The Supreme Court of California issued a recent opinion that is certain to cause waves in employment and labor law. In the April 30th opinion, available here, the court was faced with deciding the appropriate test for determining whether a worker should be classified as an independent contractor or an employee. One reason the classification between employee and independent contractor is so important is because employees enjoy numerous benefits and protections that hirers are not required to provide to independent contractors.
Arguably the most notable portion of the opinion is the court’s decision to adopt what is known in other jurisdictions as the “ABC test.” The ABC test is used to determine whether “a worker is properly considered [an] independent contractor” or whether they are an employee. Under the ABC test, a worker is presumptively an employee, and hirer can only rebut this presumption by proving the existence of three factors.
The first factor, factor “A,” examines whether the worker is “free from the control and direction of the hirer in connection with the performance of the work.” A hirer must prove that the worker is not subjected to such control and direction to satisfy this factor. Factor “B” looks to see whether the “worker performs work that is outside the usual course of the hiring entity’s business.” Therefore, a hirer must demonstrate that the worker is performing services outside the scope of the business. Lastly, factor “C” requires proof that the worker is primarily “engaged in an independently established trade, occupation, or business of the same nature as the work performed for the hiring entity.” Factor “C” requires the hirer to prove the worker has independently engaged in the activities being performed for the hirer.
The court suggested the ABC factors are primarily in place to prevent hirers from evading their legal obligation to employees through intentional misclassification. The court continuously drew attention to the vulnerability and loss of protection employees who are misclassified as independent contractors may face. This concern is evident in the opinion with the court’s emphasis that the all workers are presumed to be employees, unless the hirer can satisfy all three ABC factors.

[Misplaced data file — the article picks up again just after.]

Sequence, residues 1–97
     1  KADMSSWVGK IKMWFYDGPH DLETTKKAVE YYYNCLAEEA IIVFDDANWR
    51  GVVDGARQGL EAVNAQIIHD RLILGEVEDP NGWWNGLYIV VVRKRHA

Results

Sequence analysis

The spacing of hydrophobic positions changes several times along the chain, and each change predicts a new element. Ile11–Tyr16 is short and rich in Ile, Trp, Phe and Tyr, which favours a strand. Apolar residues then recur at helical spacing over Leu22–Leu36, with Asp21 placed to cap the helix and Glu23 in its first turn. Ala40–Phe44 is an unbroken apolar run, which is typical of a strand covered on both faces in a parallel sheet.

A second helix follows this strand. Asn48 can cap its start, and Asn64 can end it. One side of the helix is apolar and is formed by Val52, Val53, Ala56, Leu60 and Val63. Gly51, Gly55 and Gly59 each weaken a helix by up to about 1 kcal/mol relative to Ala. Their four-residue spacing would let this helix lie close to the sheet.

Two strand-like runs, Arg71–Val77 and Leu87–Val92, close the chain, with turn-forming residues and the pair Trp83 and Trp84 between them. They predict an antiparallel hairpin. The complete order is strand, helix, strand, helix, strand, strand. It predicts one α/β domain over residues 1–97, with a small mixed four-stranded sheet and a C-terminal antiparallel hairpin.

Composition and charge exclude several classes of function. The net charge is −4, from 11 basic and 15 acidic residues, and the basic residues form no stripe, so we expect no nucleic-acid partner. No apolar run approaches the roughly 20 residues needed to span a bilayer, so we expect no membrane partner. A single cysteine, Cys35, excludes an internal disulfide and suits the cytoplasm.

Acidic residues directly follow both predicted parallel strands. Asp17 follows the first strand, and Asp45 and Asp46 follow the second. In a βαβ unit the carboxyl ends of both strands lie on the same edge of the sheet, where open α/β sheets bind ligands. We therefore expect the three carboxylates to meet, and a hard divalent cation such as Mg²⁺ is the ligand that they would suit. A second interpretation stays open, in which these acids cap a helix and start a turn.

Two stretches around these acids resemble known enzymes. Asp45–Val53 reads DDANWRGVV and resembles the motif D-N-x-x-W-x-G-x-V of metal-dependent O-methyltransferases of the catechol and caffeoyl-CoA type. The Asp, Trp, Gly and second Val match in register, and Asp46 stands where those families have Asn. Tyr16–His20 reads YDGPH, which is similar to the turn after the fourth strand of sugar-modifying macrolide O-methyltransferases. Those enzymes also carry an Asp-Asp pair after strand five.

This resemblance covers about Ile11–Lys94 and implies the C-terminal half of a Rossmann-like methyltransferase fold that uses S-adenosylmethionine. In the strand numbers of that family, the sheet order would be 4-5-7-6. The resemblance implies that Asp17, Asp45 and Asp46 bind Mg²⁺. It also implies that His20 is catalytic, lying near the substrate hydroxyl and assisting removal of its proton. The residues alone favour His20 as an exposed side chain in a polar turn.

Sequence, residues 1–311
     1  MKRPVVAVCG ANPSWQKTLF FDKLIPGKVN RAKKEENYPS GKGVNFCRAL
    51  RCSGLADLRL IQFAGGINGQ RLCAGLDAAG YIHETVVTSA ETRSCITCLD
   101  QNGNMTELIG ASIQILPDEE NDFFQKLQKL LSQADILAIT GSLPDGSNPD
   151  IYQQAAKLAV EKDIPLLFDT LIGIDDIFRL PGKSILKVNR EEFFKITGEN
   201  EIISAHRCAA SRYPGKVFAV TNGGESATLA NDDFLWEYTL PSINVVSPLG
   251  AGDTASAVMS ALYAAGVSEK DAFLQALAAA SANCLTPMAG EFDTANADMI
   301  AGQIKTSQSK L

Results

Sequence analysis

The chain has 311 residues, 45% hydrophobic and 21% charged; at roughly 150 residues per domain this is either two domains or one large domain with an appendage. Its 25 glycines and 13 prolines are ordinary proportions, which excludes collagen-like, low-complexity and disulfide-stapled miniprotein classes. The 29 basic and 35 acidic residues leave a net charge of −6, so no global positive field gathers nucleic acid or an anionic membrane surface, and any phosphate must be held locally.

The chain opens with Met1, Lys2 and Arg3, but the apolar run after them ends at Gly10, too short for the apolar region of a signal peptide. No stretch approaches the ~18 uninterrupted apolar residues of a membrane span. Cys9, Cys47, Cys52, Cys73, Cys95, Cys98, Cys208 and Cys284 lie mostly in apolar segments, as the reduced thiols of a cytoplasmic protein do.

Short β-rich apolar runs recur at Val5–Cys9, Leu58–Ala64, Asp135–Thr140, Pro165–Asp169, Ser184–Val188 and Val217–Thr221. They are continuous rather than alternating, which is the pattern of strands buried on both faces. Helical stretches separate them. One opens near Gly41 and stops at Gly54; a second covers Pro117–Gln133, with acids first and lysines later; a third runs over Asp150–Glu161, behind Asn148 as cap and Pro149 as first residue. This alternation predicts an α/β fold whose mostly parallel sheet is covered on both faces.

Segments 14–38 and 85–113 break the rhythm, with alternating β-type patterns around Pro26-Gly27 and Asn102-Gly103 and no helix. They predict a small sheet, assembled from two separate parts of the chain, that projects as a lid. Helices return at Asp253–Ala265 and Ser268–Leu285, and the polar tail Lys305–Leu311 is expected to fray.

The court had a valid concern about the misclassification of employees. However, the opinion seems to neglect the technological advancements that have contributed to the rise of the “gig” economy, where independent contractors have informal and transient forms of employment with companies such as Uber. Additionally, the recent boom in personal payment methods such as Venmo and The Square have only bolstered the “gig” economy and made it easier for workers to have more autonomy.
The question then becomes whether presumptively classifying all workers as employees will put independent contractors and hirers engaging in the “gig” economy to a screeching halt. It will be interesting to see what happens in the near future and to see the reorganization that will have to take place now that many workers who were classified as independent contractors are now deemed employees.
Tips for employers concerning the change in law. As a general principle, it is crucial that employers stay up to date with new developments in the law. Employers who currently have independent contractors working for them should carefully review their relationship to ensure it complies with the change in the law.
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